The Metaphors of an Orphan Continent

in 35th International Festival of New Latin American Cinema

by Ivonete Pinto

Uruguay is a country of only three million inhabitants, but even though they have produced only about two movies a year, these tend to have an aesthetic, narrative and thematic quality far above average, compared to the films of its neighbors Brazil and Argentina.

The good news is that while they have now reached an annual production of eight titles, quality remains Uruguay’s flagship brand. At the 35th edition of the Havana Film Festival, this proved to be a characteristic that stood out for the country, in a list of 21 films in competition in the category of fiction feature film. ”The Militant” (El lugar del hijo) by Manuel Nieto Zas had part of its production funded by Argentina, but could hardly pass as an Argentinean film because it constitutes a deep reflection on Uruguay, a nation with strong cultural characteristics of its own. As a matter of fact, they are inalienable.

”The Militant”, the original title of which is much more effective (it literally translates as ”The son’s place”), unlike most of the competing films at festivals that value film language presents its plot early on. In Montevideo, during a meeting of students who take the university on as a political act, a boy called Ariel receives the news of the death of his father. He travels to Salta to attend the funeral and there faces a sequence of events that will change his life radically. His father left debts and a mortgaged farm, and the house where he lived is now occupied by his widow, or casual lover (no one knows exactly what the woman was to the father). The family of the woman also occupies Ariel’s room, leaving him no option but to share the basement garage of the house with an old dog.

As well as the thematic dimension of the college students, there are also political and ideological layers, without which we would not understand the film’s metaphors. In the university space, the students’ behavior shows us that this generation is much too depoliticized and invests its time more in discussing how to organize a party to raise funds than to reflect on the reasons of the strike and occupation of the place. Inside, in Salta, the struggle of workers is related to the students who have more aggressive tactics, such as a hunger strike, but neither advances the dialectic of the relationship between the state and the workers. The third dimension that the character faces is the deepest, almost feudal Uruguay, where the peasants who worked on the farm for his father have not received their salaries for six months and display behavior bordering on savagery, at least if we employ an urban perspective.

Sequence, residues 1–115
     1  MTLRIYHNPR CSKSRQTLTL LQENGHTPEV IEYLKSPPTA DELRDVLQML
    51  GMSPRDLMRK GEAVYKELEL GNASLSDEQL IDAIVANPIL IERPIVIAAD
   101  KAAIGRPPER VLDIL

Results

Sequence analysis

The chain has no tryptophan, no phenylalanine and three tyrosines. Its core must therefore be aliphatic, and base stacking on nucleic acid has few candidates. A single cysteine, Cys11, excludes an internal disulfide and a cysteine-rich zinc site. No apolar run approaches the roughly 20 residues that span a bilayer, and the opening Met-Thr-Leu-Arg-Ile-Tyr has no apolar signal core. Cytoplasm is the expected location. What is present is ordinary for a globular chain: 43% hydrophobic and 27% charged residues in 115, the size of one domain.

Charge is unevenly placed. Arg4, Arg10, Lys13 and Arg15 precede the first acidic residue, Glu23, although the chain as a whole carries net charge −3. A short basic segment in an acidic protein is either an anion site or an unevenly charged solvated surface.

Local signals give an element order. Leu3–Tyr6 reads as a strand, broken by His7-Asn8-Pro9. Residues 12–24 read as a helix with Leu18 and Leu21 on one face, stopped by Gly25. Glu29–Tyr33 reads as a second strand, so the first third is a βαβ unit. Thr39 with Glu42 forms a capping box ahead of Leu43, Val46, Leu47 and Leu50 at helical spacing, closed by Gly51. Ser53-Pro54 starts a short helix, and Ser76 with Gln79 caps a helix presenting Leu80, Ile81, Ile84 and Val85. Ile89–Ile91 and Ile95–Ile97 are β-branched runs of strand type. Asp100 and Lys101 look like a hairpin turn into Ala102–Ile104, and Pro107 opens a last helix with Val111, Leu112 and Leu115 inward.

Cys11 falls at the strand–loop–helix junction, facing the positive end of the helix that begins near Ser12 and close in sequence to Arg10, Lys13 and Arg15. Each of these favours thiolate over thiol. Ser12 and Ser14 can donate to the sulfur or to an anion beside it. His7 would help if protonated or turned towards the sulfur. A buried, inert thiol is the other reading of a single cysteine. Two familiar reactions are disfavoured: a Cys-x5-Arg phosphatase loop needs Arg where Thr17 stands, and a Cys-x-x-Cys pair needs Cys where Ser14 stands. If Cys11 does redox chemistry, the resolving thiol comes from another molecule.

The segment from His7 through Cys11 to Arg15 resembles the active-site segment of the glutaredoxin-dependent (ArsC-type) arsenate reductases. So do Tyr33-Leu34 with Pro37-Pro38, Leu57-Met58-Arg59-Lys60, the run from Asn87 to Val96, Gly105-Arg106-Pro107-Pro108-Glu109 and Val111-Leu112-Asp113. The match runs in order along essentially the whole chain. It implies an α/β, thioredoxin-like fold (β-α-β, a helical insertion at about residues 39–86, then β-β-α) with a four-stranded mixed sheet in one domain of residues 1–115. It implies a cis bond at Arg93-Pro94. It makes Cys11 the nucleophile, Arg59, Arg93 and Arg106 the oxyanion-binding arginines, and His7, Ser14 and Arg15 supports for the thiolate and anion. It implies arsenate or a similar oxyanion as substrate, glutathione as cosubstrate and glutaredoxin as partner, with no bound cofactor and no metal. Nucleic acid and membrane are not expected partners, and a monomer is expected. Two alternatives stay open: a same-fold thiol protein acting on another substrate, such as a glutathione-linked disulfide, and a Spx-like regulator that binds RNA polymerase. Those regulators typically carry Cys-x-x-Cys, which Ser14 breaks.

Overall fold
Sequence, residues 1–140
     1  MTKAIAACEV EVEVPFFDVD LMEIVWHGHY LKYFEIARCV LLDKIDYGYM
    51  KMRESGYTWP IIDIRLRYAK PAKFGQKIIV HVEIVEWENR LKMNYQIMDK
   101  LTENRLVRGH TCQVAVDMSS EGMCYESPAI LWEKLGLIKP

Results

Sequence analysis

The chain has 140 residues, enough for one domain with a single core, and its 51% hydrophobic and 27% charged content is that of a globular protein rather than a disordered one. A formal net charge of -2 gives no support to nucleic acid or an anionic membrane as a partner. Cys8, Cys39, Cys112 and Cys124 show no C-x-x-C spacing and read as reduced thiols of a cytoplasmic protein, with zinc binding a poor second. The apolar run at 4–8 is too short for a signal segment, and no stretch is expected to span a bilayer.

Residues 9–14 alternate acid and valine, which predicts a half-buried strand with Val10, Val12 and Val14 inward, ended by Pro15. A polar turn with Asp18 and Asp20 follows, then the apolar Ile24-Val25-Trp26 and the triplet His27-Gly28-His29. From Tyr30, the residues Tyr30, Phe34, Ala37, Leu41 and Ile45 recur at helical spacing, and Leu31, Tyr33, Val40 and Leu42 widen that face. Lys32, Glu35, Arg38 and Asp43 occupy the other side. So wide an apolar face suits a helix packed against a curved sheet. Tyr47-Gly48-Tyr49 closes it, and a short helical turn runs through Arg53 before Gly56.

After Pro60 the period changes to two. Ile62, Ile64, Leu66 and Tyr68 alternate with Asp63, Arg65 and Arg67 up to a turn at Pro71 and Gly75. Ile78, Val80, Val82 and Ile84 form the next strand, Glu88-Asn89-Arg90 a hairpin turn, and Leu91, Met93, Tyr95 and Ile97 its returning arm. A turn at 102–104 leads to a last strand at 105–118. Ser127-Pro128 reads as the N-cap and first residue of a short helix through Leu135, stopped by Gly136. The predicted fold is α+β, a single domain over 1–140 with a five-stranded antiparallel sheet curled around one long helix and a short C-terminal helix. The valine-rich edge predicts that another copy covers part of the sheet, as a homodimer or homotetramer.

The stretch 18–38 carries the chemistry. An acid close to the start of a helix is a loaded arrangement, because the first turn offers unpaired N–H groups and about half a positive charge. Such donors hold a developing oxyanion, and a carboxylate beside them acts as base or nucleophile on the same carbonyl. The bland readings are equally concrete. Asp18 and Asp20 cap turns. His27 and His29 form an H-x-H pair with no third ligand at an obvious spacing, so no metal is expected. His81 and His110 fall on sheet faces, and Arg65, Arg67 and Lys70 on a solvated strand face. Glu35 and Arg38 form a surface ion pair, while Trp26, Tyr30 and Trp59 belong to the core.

If in the student environment the young boy – actually, he is not that young any longer, but is 25 years old – is a misplaced figure, and if in his father’s house we have no traces of his mother and if strangers have invaded his space, in the countryside this misplacement is more radical. He simply does not understand the survival codes of the peasants and cannot assume the role of ”boss”. In the context of the field, with night scenes that suggest the atmosphere of a thriller, we see small allegories of a class struggle that seems anachronistic nowadays, but which nevertheless is there, alive and violent.

With fast and subtle references, the filmmaker Manuel Nieto Zas composes a portrait of a South American continent that is completely disoriented. It is certain that there is meaning in the mention that his father was a former Marxist and did not know how to deal with the logic of the field of economics. In extra-filmic information, it is worth remembering that Uruguay was considered the “Switzerland of South America” with an enviable standard of living and exhibiting a high level of intellectualism, that cultivated books as the most precious consumer good. However, this same country had – and still has – an economy based on farming, an indefensible paradox between sophisticated thinking and brutality in the killing of animals.

We do not see the father of the protagonist in the flesh, but we understand that their generation has not achieved a balance between ideas and actions. His legacy to humanity is a disabled son, someone who suffers from a disease that leaves him with slurred speech and tortured gestures. Ariel, who at the end also loses his latest girlfriend, his only sentimental bond with the world, is played by a non-professional actor, Felipe Dieste. His performance goes beyond verisimilitude, since he also suffers from the same handicap and we cannot believe that he had been randomly chosen for the role. The metaphor thus gains a new dimension.

The work of Manuel Nieto with this original screenplay and direction is praiseworthy. He studied Communication at Montevideo University and also worked in television. At the age of 40, he has participated in the successful project ”25 Watts” and has made one feature film previously, ”La Perrera” (2006). The force that he demonstrates in ”The Militant” makes him a very reliable promise.

Edited by Carmen Gray